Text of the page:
Donald Trump’s relation to Vladimir Putin is one area where our sense of bewilderment is particularly pronounced. Whatever may or may not be going on between the two authoritarian leaders, similarities in their style are striking. A recent BBC documentary, “HyperNormalization,” by Adam Curtis — who is often as over-the-top as he is insightful — is suggestive in this context. Curtis calls our attention to Vladislav Surkov, whose official title is “the vice head of the presidential administration” and has been referred to as the “puppet master” of Putin’s Russia. Surkov has a background in avant-garde theater and is a devotee of postmodern culture, and has adopted theatrical and artistic techniques of “subversion” to unleash a full frontal attack on Russian society’s sense of reality. According to Curtis, Trump has taken his stratagems for spreading pandemonium from Surkov’s playbook, with Steve Bannon — a product of Hollywood and Goldman Sachs who now sits on the National Security Council’s Principals Committee — acting as Trump’s Surkov.
As opposed to the Soviet Union or contemporary North Korea, Surkov, as Peter Pomerantsev observed in The London Review of Books, does not seek to generate and maintain the regime’s power exclusively through the exercise of overt terror (though there is plenty of that). On the contrary, his “fusion of despotism and postmodernism” comprises “a strategy of power based on keeping any opposition there may be constantly confused,” creating “a ceaseless shape-shifting that is unstoppable because it’s indefinable.” To keep his opponents off-balanced and powerless, he might, for example, sponsor “nationalist skinheads one moment” and “human rights groups the next.” In a similar vein, Surkov could have provided the seating arrangements for the N.S.C., where Bannon, a right-wing white nationalist who has provided a platform for anti-Semites, sits on one side of Trump, and his son-in-law Jared Kushner, an orthodox Jew, sits on the other.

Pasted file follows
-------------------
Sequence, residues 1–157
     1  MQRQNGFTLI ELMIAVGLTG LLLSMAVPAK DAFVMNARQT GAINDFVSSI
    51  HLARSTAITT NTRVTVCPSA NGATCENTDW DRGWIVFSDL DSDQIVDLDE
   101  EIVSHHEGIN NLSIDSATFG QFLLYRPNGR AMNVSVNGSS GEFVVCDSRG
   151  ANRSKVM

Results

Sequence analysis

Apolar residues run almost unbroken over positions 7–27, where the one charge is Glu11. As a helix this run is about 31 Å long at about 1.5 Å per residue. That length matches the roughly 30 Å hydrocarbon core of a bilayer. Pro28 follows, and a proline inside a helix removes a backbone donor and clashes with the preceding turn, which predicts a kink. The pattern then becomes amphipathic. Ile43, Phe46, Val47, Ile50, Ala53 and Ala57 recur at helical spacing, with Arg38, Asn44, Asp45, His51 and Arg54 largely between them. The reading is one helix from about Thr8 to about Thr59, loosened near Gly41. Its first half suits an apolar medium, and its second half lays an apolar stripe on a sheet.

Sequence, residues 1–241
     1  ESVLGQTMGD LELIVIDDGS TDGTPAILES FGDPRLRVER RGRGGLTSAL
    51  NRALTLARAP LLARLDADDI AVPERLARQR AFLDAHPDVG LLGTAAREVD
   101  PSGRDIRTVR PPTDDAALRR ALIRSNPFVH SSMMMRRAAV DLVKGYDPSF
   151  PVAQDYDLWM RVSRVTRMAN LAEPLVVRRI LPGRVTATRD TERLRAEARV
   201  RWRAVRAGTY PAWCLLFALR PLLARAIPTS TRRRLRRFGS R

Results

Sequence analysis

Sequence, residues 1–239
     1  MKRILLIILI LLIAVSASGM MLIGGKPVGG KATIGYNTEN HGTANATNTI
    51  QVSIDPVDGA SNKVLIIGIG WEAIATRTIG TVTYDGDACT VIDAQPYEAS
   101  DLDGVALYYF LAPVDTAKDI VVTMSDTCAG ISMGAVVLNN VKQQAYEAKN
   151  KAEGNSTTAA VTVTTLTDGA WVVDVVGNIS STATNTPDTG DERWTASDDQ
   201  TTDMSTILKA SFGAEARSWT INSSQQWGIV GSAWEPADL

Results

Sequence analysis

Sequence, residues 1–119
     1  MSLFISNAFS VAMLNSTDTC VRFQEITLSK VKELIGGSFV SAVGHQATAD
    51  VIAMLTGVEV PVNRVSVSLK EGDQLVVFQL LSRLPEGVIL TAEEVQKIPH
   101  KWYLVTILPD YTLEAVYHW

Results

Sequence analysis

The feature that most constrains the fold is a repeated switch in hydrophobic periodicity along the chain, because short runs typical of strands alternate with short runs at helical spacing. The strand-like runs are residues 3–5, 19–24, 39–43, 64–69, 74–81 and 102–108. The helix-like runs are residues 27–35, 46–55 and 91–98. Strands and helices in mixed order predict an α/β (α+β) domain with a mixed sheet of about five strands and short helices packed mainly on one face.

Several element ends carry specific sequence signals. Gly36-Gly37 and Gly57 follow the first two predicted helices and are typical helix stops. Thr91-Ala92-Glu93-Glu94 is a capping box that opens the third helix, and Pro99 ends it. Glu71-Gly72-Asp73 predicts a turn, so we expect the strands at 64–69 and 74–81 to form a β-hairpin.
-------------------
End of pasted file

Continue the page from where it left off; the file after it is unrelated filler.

After observing Donald Trump for all these exhausting months, it is clear that, whether he is as calculating as a puppet master like Surkov or simply functioning on a showman’s intuition, the law of noncontradiction does not apply in his universe.
By continually contradicting himself and not seeming to care, Trump generates confusion in the members of the media and political opposition that has often rendered them ineffectual, especially in speaking to those outside the liberal base. They were slow to realize that he was playing by a different set of rules. This is why they, like Hillary Clinton before them, have had such difficulty gaining traction against him via appeals to facts and other cherished norms of liberal democracy. He has proved adept at deflecting well-intentioned fact-checking, regardless of how often it has caught him in a contradiction, and rational counterarguments, which can bounce off him like rubber. As long as Steve Bannon and his colleagues continue to destabilize our sense of reality, and their opponents fail to recognize how these techniques work, those who oppose him will continue to stumble.
In the psychiatric setting, it only becomes possible to treat a patient in the psychotic range of the diagnostic spectrum when an analyst does not focus on the “manifest content” — on what actually happens on the surface — but finds a way to address the underlying dynamics in order to work them through and establish, first in the analytic setting, and then hopefully in the patient’s life, a less compromised relation to reality.
On the hopeful side, there has recently been a robust and energetic attempt not only by members of the press, but also of the legal profession and by average citizens to call out and counter Trumpism’s attack on reality.
But on the less encouraging side, clinical experience teaches us that work with more disturbed patients can be time-consuming, exhausting and has been known to lead to burnout. The fear here is that if the 45th president can maintain this manic pace, he may wear down the resistance and Trump-exhaustion will set in, causing the disoriented experience of reality he has created to grow ever stronger and more insidious.
Joel Whitebook is the director of the Psychoanalytic Studies Program at Columbia University.